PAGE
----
This is the official accessibility statement for Hillside Festival. If you have any questions or comments, please contact us by telephone at 519-763-6396 or by email at [email protected].
- Many links have title attributes which describe the link in greater detail, unless the text of the link already fully describes the target.
- Links are written to make sense out of context.
- This site uses cascading style sheets for visual layout.
- This site uses font sizes which are compatible with the user-specified “text size” option in most browsers.
- If your browser or browsing device does not support stylesheets at all, the content of each page is still readable.
- All content images used in this site include descriptive ALT attributes. Purely decorative graphics include null ALT attributes.
- Complex images inline descriptions to explain the significance of each image to non-visual readers.
- The site is built with standards compliant HTML 5.
- Where possible we have attempted to use semantically correct markup to improve page structure and information context.
What is Web Accessibility?
Web accessibility is about how people with visual, hearing, learning/cognitive, and/or physical disabilities interact with websites and web content. Web accessibility offers people with different types of disabilities the opportunity to browse information in a way that is accessible to them. For example, people who are blind may use assistive technology like screen readers to read and interpret web pages, while people with physical disabilities may rely on keyboard access (rather than using a mouse) to navigate web pages. People with learning disabilities may rely on simple, straight-forward content, while those with motor challenges or low vision may find large clickable areas more user friendly.
There are techniques and best practices that, when employed, provide an accessible experience to people who are differently-abled. Since there are different types of disabilities, there are many things to consider when developing a website. Keeping this perspective in mind, the Hillside website has been designed and developed from start to finish, considering accessibility in all aspects of the project; the ultimate goal being to offer a web experience that is accessible to the widest audience possible.
The Hillside website includes tools to help differently-abled persons access information. Some are built into the website itself, and others are available through your web browser or operating system. Below are some tips for using these tools.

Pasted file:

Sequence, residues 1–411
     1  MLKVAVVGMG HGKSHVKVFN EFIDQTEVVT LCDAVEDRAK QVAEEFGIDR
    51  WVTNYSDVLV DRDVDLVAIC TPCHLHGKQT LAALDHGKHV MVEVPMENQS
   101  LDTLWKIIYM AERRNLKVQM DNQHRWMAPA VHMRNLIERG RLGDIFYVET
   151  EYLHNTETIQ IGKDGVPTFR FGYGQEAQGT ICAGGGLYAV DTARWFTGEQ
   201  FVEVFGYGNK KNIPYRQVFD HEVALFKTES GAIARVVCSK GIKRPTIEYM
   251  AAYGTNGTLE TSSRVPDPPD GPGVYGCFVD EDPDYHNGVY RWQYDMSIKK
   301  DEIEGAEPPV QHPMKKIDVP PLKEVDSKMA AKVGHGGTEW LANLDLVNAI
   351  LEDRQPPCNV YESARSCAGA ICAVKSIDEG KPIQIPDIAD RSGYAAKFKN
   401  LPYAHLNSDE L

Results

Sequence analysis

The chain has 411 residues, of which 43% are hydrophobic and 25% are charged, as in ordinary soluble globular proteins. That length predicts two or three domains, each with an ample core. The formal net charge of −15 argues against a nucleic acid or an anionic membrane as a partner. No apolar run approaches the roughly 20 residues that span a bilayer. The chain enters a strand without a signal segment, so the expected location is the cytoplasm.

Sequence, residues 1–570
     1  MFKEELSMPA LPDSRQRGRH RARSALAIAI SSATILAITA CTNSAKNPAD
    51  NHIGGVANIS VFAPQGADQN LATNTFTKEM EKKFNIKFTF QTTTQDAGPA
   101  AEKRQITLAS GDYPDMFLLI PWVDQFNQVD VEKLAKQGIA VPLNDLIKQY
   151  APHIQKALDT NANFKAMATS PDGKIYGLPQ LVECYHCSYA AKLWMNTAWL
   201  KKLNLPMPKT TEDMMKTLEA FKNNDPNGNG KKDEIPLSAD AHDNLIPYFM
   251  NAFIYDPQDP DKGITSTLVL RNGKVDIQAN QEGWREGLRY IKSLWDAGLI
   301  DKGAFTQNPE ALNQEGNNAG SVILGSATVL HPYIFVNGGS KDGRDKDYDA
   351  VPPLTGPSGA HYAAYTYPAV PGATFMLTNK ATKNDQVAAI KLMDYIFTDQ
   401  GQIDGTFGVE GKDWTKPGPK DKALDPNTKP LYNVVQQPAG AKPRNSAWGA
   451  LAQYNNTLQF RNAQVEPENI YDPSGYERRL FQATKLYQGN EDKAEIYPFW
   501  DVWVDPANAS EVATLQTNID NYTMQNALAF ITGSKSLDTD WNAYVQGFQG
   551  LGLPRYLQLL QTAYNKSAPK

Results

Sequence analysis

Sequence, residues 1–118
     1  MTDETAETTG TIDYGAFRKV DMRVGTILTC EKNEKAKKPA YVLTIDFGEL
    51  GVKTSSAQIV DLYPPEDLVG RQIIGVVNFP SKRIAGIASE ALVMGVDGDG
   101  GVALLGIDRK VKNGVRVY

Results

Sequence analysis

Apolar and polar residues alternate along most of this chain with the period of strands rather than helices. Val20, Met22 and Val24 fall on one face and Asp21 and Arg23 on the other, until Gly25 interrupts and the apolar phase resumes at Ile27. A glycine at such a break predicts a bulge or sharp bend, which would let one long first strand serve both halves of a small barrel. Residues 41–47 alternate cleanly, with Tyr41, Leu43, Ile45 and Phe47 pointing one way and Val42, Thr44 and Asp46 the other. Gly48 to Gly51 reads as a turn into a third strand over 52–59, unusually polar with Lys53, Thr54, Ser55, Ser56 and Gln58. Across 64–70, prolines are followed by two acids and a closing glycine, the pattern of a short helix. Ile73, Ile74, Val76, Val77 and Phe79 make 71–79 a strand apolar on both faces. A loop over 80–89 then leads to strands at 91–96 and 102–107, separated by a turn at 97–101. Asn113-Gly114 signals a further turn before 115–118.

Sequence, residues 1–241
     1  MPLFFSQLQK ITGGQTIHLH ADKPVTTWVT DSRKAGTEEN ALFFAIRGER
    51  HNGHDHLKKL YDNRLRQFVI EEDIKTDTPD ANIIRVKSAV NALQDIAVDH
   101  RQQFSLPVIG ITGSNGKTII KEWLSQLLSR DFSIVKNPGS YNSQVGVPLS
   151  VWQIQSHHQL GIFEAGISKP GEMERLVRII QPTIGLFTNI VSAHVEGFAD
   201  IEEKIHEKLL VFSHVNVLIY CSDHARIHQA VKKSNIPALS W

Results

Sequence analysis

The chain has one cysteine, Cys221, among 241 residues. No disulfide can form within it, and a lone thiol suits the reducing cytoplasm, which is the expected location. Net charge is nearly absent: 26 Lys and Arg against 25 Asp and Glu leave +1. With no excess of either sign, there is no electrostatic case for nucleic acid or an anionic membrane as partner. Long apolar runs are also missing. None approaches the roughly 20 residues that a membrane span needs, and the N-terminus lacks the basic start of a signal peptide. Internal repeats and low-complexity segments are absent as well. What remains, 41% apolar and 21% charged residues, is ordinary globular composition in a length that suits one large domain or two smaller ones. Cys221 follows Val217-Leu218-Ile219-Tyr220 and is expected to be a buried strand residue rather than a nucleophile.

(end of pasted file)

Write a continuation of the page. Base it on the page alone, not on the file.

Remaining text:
Accessible Features on the Hillside Website
Skip to Content
This tool allows people who are blind or have low vision and use screen readers, and those with physical difficulties who rely on keyboard access only, the option to skip to the main content of a web page, rather than having to go through a long list of navigation links, a sub list of links, a search link, a logo, etc. before getting to the “meat” of the page. A Skip to Content link is necessary since main content is not usually the first thing on a web page template. Some users with physical disabilities may use a head wand or mouth stick. Avoiding having to tap the keyboard multiple times to get to the main content, is extremely important and results in a better user experience.
This feature is useful to anyone who experiences visual challenges. Some people with low vision have trouble reading web pages with low contrast. They see text bleeding into the background. By clicking on the high contrast link, the contrast between foreground (text) and background is increased, allowing for people with low vision to interpret information on the screen in a high contrast environment.
Sometimes called, Keyboard Shortcuts, Access Keys are built-in shortcuts that can be useful to people who rely on a keyboard, rather than a mouse, to navigate a website. When you use a keyboard only to navigate a site, you rely on the arrow keys to make your way through the content. Access keys are short cuts offering a more efficient way to click through pages and content. Control keys differ depending upon the operating system and browser.
All audio content available on this site is accompanied by text versions of lyrics or transcripts so that people with hearing impairments can experience this content along with other site visitors.
Accessible Features that are built into Browsers
Magnify the Screen
Many web browsers allow you to zoom in on web pages using simple keyboard controls. The magnifier allows you to focus on specific parts of the screen, enlarging the text and other page elements.
Customize the Mouse Pointer
You can customize a computer mouse pointer in several ways. For example, you can slow down the speed of the mouse pointer for easier handling. You can also change its appearance so that it contrasts more with the screen content.
Make the Computer Speak Out Loud
Many computers have text-reading features, but they can be limited in what they offer. For example Windows Narrator reads only menus and dialogue boxes, but not blocks of text. Windows Narrator is available in Windows XP, Windows Vista, Windows 7, or Windows 8.
For Microsoft Windows, software is available that offers more advanced screen-reading capabilities (both free and commercial). A popular free and open source screen reader is NVDA (NonVisual Desktop Access). The two most common commercial screen readers are JAWS and Window-Eyes.
For Mac users, VoiceOver is available as a standard part of the OS X operating system.
High Contrast heightens the color contrast of some text and images on your computer screen, making those items more distinct and easier to identify. You can change the contrast locally on your computer.